Blog Post: Librarians Are…..

IMG_4018You might think that librarians are basically serious people.  We are a serious profession with our roots integral to the basis of democracy.  The first public libraries were formed to ensure an educated electorate—to make sure access to information and education were not just for the elite and the wealthy.  I sometimes think of those early days of our nation. A huge social and governing experiment started with a revolution born of an ideal; a vision of equality that had never been imagined.  What a thrill that victory must have sent through those states.  Those 2 million people living in the 13 original colonies were now in charge (well, at least the free white men were).  Our founding fathers’ dream included transparency, informed debate of issues and inclusion of diverse ideas – all as defined by the age, but still grand ideals.

Where did you come to make sure you had facts, deep knowledge and firm foundations to enter into those debates well-armed?  If you were wealthy, your father’s grand library.  If you were middle class or poor, the library.  Self-education has always been a respected pursuit in our nation and librarians have always been there as navigators.  Serious work.

You might think that librarians are organized people. Melville Dewey, a very serious organizer, found an outlet for his compulsive obsessive tendencies by creating the Dewey Decimal System; still the best way to make sure that large collections of non-fiction materials have all the books on a subject in one area. Dewey is still used in schools and most public libraries.

Charles Ammi Cutter, inspired by Dewey, did the same for fiction in the 1882. Your library used this system many years ago and it is mainly used in large research libraries now.  Don’t ask me to explain it….it was very complex and cumbersome.

The Library of Congress developed their own system for all materials in the late 1800’s as well – called LC classification. LC classification is primarily used in college and university libraries.   The ANSCR system is still widely used for organizing sound recordings (what we librarians call 8-track tapes, audio cassettes, and vinyl and CD recordings). Caroline Saheb-Ettaba and Roger B. McFarland developed it in 1969.  Sorry to say, we are still using this somewhat dated system in your library.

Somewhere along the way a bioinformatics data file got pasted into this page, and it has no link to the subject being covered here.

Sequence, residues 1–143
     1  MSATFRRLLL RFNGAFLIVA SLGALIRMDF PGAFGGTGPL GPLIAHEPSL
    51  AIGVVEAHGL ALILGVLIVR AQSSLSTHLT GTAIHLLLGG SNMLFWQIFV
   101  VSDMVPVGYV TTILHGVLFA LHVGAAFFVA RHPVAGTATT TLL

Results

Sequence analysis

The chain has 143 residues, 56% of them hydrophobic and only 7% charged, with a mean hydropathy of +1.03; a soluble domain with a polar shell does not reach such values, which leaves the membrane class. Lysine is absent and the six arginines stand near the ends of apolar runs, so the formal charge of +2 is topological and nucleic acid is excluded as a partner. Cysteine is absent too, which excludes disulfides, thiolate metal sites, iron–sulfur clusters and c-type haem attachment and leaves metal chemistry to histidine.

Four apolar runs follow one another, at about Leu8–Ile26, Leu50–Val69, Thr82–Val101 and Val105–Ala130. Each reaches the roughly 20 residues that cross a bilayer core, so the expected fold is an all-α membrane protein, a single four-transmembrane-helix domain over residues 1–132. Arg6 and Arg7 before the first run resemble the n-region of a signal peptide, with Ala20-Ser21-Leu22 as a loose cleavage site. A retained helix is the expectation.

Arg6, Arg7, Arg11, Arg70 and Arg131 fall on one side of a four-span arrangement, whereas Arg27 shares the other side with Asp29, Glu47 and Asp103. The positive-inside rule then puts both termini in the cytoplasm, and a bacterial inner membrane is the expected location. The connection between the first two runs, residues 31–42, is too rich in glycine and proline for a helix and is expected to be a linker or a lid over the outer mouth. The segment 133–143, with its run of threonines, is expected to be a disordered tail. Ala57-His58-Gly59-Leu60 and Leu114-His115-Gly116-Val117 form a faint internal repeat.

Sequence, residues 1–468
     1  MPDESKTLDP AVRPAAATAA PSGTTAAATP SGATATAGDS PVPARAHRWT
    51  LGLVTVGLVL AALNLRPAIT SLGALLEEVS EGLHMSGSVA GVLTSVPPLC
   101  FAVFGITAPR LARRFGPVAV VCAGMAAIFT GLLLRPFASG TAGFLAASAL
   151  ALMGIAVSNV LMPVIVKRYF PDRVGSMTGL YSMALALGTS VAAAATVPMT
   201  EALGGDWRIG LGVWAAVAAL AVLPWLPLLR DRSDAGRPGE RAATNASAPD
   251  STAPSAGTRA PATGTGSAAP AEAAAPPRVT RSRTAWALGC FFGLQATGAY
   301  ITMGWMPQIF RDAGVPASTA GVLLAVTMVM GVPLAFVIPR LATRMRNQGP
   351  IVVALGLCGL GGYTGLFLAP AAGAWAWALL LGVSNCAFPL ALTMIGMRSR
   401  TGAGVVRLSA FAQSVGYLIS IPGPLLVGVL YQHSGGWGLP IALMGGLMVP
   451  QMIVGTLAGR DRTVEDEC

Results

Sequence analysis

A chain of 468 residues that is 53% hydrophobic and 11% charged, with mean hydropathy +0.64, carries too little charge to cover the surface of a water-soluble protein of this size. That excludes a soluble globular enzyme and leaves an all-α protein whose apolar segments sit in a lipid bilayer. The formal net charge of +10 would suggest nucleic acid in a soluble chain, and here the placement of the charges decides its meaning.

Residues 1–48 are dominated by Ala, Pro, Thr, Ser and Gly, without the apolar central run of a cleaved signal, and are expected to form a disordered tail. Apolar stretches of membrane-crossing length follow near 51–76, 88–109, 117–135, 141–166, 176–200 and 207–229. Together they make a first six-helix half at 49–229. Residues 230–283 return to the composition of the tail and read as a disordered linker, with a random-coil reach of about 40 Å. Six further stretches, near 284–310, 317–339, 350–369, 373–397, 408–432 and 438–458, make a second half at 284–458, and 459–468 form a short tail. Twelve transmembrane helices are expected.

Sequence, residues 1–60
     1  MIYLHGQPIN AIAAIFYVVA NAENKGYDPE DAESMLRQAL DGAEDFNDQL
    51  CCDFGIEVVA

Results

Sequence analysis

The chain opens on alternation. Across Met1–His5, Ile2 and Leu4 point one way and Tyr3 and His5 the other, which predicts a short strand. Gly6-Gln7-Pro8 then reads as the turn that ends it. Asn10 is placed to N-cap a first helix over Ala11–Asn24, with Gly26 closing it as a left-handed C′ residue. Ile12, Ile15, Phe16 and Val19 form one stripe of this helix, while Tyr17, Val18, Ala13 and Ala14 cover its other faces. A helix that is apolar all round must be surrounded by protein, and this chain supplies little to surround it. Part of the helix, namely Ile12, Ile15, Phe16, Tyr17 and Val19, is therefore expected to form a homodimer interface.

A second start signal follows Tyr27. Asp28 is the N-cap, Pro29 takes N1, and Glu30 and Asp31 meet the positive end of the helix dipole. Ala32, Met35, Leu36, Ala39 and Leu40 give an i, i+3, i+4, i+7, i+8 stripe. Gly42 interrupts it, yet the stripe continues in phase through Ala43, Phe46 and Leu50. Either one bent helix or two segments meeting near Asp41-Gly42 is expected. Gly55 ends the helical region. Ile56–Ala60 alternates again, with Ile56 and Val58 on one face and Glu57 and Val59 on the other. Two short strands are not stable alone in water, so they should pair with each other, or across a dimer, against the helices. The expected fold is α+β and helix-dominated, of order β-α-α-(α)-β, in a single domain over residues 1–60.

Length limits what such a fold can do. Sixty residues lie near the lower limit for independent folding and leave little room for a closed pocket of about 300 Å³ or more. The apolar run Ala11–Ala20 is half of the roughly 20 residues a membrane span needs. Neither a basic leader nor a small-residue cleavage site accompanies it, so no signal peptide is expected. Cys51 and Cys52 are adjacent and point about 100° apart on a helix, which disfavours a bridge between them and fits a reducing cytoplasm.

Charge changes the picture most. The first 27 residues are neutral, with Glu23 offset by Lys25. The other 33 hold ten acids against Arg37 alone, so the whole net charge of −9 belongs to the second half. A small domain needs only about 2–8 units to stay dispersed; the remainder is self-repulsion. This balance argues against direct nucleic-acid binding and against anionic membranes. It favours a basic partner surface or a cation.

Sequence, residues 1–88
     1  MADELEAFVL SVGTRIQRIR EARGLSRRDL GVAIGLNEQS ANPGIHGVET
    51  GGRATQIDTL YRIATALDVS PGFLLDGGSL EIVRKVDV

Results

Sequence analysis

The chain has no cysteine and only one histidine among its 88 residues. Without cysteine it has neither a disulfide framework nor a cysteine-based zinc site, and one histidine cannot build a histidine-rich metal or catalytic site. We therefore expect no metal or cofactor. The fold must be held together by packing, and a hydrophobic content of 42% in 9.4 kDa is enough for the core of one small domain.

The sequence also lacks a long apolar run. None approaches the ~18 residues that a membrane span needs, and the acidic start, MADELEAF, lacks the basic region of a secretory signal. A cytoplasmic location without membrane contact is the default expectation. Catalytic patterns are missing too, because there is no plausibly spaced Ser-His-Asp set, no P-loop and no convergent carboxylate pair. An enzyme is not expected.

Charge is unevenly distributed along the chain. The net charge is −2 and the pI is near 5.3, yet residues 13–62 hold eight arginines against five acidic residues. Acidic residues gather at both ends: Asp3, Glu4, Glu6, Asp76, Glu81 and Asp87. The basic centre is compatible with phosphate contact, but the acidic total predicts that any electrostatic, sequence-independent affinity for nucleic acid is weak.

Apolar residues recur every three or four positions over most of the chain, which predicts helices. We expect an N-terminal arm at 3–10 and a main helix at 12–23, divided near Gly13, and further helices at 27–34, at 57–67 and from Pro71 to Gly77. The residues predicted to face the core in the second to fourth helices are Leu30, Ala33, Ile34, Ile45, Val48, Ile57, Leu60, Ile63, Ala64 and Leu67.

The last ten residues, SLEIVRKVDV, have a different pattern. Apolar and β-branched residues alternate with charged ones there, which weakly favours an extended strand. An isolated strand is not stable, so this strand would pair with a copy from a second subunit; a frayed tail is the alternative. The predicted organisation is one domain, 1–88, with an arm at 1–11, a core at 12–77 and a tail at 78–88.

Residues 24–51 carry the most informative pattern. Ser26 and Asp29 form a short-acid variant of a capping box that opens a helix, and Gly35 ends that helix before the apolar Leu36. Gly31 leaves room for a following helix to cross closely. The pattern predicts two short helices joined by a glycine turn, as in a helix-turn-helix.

1If you are going to have lots of stuff, as libraries certainly do, you are going to want to find it.  Hence a bunch of drawers with little three by five cards all neatly filed with a metal rod inserted through a hole at the bottom of the card.  TaDa!  The card catalog, designed so that you couldn’t dump a drawer and mess up all that glorious organization.  Laramie County Library System moved from a card catalog to an “online catalog” in 1992.  We just have organized the heck out of all of it.

You know that current commercial with the librarian with a bun, black reading glasses and a stern look on her face?  The one shushing the hungry student breaking off a piece of that Kit Kat bar?  That really burns me up!  Will librarians never be able to lose that outdated stereo type?  I think it most annoys me because it is a lie.  Yes, we take seriously that your library can assist you in reaching your full potential. Yes, we work very hard to have things here organized to ensure you can find them easily and get on with the real work of learning and growing and seeking adventure.  What they have so wrong in that stereo type is that we love what we do, we love who we serve and we do everything with great joy, generosity and grace.  If someone in this library is not smiling, it is because they are concentrating on solving a problem for you.  If a child is asked to use their indoor voice, you really could hear them all the way across the room instead just half way across.  Ok, you will see me and a few other of us in reading glasses, but you will also see Beth with purple hair and Bobby’s awesome tattoos.

What we are, who choose to serve you in your library, is a bunch of witty, caring and dedicated people who embrace the spirit of what a library offers to its community and embrace the community we serve with serious respect,  efficient service and loads of appreciation for the your gratitude.  It is an honor. Seriously.

~Carey D. Hartmann